The formation of the color-singlet clusters is only connected with the color distribution and should not be related to the momentum distribution [21]. The parton momentum distribution in the color-singlet clusters can be expressed as $ P_{i}'(x,Q^{2}) = c_{i}(Q^{2})P_{i}(x,Q^{2}) $, where $ i = s,g $ indicate sea quarks or gluons, and $ P_{i}(x,Q^{2}) $ are their momentum distribution in the nucleon. $ c_{i} (Q^{2}) $ is the fraction of momentum distribution $ P_{i}(x,Q^{2}) $ in the released cluster. Assuming $ \beta = c_{s}(Q^{2})S+c_{g}(Q^{2})G $, where $ G = \int_{0}^{\infty} P_{G}(x){\rm d}x $ and $ S = \int_{0}^{\infty}P_{S}(x){\rm d}x $, $ \beta $ is $ Q^{2} $ independent. It is easier for the nucleons at the center of the nucleus to produce color-singlet clusters because there are more surrounding nucleons than those on the nuclear surface to supply the nuclear medium environment. Hence, $ c_{i}(Q^{2}) $ is an averaged value, and $ \beta $ becomes larger with increasing A. According to the uncertainty principle, the longitudinal size of a parton would extend over more than one nucleon and participate in the reaction with the neighbor nucleon if x is very small, which results in the shadowing region of $ R(A) $. The momentum of the nucleus is therefore $ P_{A} = A(1+\beta-\alpha)P_{N} $, where $ \alpha $ is the fraction of the common parton in the nucleus and $ P_{N} $ is the nucleon momentum distribution. The fraction of parton momentum in the nucleon is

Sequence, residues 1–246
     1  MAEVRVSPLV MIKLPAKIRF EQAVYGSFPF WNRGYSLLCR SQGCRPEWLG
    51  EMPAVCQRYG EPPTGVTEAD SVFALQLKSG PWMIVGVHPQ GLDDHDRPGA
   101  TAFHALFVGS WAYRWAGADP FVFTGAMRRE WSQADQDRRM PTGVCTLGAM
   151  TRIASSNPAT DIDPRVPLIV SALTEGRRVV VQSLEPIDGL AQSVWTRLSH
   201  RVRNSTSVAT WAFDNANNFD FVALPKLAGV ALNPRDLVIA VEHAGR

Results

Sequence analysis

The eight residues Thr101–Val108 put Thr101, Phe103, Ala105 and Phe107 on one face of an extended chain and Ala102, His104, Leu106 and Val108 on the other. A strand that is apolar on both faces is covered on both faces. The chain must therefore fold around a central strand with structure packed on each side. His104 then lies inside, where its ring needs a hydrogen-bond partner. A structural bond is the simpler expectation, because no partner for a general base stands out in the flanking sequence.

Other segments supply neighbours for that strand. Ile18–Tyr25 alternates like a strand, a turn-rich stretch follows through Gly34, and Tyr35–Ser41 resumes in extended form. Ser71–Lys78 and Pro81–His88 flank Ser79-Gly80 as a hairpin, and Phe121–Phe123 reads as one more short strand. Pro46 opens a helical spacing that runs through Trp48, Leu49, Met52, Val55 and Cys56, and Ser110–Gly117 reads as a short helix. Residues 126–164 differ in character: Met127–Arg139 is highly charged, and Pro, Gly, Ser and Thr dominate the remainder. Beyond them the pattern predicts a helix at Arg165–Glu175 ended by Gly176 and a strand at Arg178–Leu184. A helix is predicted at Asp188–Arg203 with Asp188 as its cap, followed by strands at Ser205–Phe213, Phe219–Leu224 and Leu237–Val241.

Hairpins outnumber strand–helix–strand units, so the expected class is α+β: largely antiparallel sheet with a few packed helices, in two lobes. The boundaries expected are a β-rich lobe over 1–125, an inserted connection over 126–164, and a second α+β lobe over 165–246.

$ x' = \frac{P_{\rm parton}}{P_{N}} = \frac{P_{\rm parton}}{P_{A}}\left(\frac{P_{N}}{P_{A}}\right)^{-1}= \frac{Q^{2}}{2M_{A}\omega}A(1+\beta-\alpha) = \eta x, $


      $ \eta = (1+\beta-\alpha)Am/M_{A} $, where $ M_{A} $ is the mass of a nucleus. Hence, the total fraction of the non-nucleonic color-singlet cluster $ (\beta-\alpha) $ in nuclei can be obtained, and its $ A^{-1/3} $ dependence is shown in Fig. 3. The corresponding fitting function is $ 0.0032+0.0901{\rm e}^{-7.1428A^{-1/3}} $.

      Figure 3.  (color online) Fraction of non-nucleonic color-singlet cluster in nuclei; the corresponding fitting function is $ 0.0032+ 0.0901(\rm e)^{-7.1428A^{-1/3}} $.

    • Two nucleons located in a SRC pair imply that their distance r is smaller than that of two normal nucleons inside a nucleus. The range of the relative momentum of the dominant neutron-proton pair is from 1.5 to 5.0 fm $ ^{-1} $ [9]. Under this condition, the two SRC nucleons are strongly overlapped, and their interaction potential is positive and has a force mediated by $ \omega $ mesons. The effective nucleon mass shows a dip at the relative momentum exactly over the Fermi surface [22]. This minimum mass may result from releasing the color-singlet cluster from the very close SRC nucleons with high local density.